17. Effects of Early Bilingual Experience with a Tone and a Non-Tone Language on Speech-Music Integration.

    Directory of Open Access Journals (Sweden)

    Salomi S Asaridou

    Full Text Available We investigated music and language processing in a group of early bilinguals who spoke a tone language and a non-tone language (Cantonese and Dutch. We assessed online speech-music processing interactions, that is, interactions that occur when speech and music are processed simultaneously in songs, with a speeded classification task. In this task, participants judged sung pseudowords either musically (based on the direction of the musical interval or phonologically (based on the identity of the sung vowel. We also assessed longer-term effects of linguistic experience on musical ability, that is, the influence of extensive prior experience with language when processing music. These effects were assessed with a task in which participants had to learn to identify musical intervals and with four pitch-perception tasks. Our hypothesis was that due to their experience in two different languages using lexical versus intonational tone, the early Cantonese-Dutch bilinguals would outperform the Dutch control participants. In online processing, the Cantonese-Dutch bilinguals processed speech and music more holistically than controls. This effect seems to be driven by experience with a tone language, in which integration of segmental and pitch information is fundamental. Regarding longer-term effects of linguistic experience, we found no evidence for a bilingual advantage in either the music-interval learning task or the pitch-perception tasks. Together, these results suggest that being a Cantonese-Dutch bilingual does not have any measurable longer-term effects on pitch and music processing, but does have consequences for how speech and music are processed jointly.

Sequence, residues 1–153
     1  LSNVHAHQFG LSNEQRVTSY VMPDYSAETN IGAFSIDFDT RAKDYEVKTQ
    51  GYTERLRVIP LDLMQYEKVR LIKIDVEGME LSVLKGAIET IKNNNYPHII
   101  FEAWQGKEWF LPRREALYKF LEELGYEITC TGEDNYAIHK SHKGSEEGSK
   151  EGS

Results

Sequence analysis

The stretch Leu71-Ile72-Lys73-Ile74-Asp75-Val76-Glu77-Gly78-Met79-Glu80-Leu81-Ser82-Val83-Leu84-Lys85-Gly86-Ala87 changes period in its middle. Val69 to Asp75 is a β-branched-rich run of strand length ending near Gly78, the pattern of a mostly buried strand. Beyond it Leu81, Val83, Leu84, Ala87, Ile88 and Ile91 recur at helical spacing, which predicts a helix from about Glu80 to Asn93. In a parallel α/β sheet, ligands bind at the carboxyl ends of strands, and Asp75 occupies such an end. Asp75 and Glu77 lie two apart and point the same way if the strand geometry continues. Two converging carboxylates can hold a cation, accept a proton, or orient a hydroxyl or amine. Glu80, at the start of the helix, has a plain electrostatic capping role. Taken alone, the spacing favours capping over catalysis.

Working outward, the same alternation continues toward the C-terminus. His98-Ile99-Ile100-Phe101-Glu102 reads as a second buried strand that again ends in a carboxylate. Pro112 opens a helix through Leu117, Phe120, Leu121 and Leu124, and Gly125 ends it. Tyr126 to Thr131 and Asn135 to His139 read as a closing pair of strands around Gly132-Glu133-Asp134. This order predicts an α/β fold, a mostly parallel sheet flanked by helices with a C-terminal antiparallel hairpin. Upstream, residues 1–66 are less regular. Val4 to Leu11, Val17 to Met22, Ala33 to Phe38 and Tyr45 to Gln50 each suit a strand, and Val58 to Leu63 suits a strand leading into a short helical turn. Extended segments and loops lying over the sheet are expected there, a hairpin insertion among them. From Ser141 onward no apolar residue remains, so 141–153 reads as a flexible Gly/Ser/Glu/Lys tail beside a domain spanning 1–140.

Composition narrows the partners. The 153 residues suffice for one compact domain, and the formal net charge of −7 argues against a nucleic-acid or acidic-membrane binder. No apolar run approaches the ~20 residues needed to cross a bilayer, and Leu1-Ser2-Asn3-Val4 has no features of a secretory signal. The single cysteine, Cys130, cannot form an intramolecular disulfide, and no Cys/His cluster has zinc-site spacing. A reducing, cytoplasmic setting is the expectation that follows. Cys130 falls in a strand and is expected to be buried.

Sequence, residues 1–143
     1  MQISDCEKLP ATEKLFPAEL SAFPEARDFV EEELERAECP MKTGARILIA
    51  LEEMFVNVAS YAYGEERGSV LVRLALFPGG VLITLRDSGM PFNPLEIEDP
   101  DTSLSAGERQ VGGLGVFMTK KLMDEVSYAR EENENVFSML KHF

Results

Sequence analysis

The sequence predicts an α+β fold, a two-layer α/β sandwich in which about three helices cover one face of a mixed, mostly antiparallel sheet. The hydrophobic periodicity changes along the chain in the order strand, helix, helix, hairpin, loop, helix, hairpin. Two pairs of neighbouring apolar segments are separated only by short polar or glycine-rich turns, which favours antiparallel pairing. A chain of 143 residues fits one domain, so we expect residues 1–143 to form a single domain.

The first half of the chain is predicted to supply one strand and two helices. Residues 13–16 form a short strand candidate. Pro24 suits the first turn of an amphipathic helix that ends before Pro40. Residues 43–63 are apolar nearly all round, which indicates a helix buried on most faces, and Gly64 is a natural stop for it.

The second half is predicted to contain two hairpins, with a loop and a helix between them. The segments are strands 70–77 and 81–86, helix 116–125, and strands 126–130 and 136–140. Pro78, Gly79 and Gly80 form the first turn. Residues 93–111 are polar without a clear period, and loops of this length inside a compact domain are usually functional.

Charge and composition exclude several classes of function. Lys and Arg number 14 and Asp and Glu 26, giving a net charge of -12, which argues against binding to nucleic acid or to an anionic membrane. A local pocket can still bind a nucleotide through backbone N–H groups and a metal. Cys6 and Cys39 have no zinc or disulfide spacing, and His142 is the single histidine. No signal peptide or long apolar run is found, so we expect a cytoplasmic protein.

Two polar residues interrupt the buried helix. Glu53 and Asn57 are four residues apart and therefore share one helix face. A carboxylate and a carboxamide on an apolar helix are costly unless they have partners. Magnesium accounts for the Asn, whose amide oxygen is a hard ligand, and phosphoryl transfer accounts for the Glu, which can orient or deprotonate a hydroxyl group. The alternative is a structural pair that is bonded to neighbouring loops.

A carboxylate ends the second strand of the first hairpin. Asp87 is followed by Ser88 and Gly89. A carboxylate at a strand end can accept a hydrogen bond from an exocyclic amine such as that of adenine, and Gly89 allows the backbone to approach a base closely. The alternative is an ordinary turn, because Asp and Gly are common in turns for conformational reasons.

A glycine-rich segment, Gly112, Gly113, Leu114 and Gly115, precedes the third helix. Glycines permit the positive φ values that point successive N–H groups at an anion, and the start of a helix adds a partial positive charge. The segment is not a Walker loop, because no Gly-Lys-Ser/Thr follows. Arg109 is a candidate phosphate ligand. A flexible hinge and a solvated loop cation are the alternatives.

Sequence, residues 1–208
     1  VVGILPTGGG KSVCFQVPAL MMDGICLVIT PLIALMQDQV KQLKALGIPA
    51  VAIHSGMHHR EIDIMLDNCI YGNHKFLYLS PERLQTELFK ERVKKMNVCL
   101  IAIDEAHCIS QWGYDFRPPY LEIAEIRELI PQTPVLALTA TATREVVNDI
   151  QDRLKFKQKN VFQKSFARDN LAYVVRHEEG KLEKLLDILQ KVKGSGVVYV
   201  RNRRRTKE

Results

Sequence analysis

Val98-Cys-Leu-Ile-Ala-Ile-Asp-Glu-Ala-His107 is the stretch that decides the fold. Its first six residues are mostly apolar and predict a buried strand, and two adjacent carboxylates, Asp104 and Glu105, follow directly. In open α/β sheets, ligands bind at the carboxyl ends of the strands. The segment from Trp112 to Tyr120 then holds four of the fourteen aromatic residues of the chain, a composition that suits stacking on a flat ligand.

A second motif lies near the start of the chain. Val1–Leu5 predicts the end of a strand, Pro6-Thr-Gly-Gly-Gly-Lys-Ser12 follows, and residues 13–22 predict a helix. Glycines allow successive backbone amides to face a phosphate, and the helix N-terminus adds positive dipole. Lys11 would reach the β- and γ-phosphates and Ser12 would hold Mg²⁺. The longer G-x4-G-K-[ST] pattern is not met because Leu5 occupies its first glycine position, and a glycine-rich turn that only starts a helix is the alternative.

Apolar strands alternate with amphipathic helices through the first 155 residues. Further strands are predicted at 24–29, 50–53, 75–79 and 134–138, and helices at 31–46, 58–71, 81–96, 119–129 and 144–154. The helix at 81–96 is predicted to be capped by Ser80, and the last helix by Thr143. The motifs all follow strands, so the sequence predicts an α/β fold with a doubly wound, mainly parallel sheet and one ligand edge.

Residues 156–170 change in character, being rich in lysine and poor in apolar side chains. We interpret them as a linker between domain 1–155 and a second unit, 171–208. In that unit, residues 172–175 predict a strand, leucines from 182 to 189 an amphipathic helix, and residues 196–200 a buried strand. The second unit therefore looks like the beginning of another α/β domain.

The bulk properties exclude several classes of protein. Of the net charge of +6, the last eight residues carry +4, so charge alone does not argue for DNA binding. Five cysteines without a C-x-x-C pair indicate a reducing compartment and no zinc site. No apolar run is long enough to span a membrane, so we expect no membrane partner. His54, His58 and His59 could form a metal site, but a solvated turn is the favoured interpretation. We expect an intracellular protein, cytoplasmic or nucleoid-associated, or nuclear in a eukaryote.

18. Functional changes in people with different hearing status and experiences of using Chinese sign language: an fMRI study.